Open source of course does not mean everyone can access everything! The UK government made a clear guideline which states that “Open source, as a category, is no more or less secure than closed proprietary software”.
Like with a safe, you still need the authorisation and the key(code) to see what's inside. And Joomla! is not an easy safe to crack. Unless you put it in a shady neighborhood with a note on it how to open it.
Hackers can be anywhere
So you do need to keep it safe. The webhosting and the people working with it play an important part. Hackers are everywhere and online developments are going fast. Vulnerabilities are found sometimes, like with all software, but usually the security fix is available before anything is published about it. The power of the large Joomla community in this case makes sure updates are available on a regular basis.
Yes, you do need to install the latest security updates as soon as possible. It's really not that hard or it shouldn't be. If you don't update, hackers will automaticaly find your insecure site by looking for known vulnerabilities.
Your Joomla website is put on a webhosting server that obviously is connected to the internet. There are thousands hosting companies or resellers that offer this service. But the costs and quality of these services differ very much. For your website to be secure, they need the follow standards and procedures as well. If not, anything on their servers is unsecure, whether its Joomla, Wordpress, Drupal or whatever other web application.
A big advantage of Joomla is the fact there are thousands of extensions available to add functionality. Most can be found on the Joomla extensions directory: https://extensions.joomla.org/. This does not automatically mean they are safe and secure. Check the reviews and the last updates to see if there is active development and, if security is a real issue, make sure an expert checks the code for flaws.
With regards to security, extensions are a known risk. For every extension this means it should also be audited for security issues, maintained and updated. If a vulnerability is discovered the extensions will be punt on the Vulnerable Extensions List: http://vel.joomla.org/
But not every developer cares about this so this means uninstall as quickly as possible. But if they do care just make sure it's updated.
Of course it's not safe to install software from an unknown developer or origin but some users do it anyway.
Like with most systems the biggest threat to security are the users themselves. Besides carelesness with maintenance, security updates, webhosting and extensions they can leave that password note lying around or have a password that's easy to guess. As administrator you can take many measures against this, but not everyone does.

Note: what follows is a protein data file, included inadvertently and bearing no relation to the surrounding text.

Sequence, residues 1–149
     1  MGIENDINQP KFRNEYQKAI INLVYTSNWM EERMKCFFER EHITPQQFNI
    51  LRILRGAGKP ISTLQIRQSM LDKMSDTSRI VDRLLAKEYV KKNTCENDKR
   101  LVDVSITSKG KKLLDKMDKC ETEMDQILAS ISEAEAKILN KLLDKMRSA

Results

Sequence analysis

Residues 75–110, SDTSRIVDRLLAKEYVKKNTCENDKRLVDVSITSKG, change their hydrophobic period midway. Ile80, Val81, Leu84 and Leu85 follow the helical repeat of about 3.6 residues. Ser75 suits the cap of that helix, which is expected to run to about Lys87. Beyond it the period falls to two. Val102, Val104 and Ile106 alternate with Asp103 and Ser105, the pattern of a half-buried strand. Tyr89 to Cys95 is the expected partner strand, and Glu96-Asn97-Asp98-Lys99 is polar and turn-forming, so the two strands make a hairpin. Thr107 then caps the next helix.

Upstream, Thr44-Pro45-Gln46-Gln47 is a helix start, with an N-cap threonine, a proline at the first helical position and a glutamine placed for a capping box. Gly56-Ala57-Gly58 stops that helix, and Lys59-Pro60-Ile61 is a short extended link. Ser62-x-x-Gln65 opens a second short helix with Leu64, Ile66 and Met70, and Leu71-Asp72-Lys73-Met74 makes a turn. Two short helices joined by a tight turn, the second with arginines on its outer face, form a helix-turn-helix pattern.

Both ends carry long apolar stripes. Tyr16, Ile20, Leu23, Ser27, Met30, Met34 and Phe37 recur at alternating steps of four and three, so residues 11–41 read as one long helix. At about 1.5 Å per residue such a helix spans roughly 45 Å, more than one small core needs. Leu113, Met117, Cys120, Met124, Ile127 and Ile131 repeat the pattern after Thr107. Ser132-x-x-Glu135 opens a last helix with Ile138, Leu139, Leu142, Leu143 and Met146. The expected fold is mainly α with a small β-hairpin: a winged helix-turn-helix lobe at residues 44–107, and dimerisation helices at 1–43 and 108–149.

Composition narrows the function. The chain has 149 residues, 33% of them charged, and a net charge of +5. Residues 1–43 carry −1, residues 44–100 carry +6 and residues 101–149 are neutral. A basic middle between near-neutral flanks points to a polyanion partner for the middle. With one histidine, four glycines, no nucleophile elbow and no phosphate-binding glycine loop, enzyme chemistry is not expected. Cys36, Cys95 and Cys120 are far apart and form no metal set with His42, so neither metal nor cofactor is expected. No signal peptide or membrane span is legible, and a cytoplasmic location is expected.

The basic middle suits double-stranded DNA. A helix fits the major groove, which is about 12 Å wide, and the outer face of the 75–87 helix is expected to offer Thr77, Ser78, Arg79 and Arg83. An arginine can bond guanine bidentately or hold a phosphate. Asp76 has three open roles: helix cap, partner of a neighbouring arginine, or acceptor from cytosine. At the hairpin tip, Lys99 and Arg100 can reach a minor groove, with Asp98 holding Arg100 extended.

Joomla comes with a built-in Two-Factor Authentication system that secures your site login with a secondary, single use secret code. This means you need an extra code, coming from a Yubi key or smartphoine, besides your password to be able to login. This is not always practical but definitely a best practice for administrator accounts.
When a hacker manages to "breach" the system, anything can happen to the website, depending on their intentions. But what they do is not always visible on the front-end.
This makes it a good idea to monitor the website in more than one way. Are there many attempts to login? Are files added without authorisation? Are files added that are suspect?
There are several tools to monitor the website. Your webhosting should use these but they can't always help you with the specifics of Joomla. Find your Joomla expert to help you with this.
After all of the above, when something goes wrong, you still have a working and tested backup, right?
Conclusion: Six best practices for a safe Joomla website
Always make sure the latest security updates for Joomla and it's extensions are installed;
Monitor your site for suspect changes and files;
Don't install extenstions without investigation first;
- Use certified, reliable, trustworthy webhosting services;
Use the policies for safe passwords and two-factor authentication for administrators;
Make sure backups are made regularly, test them and keep them safe as well.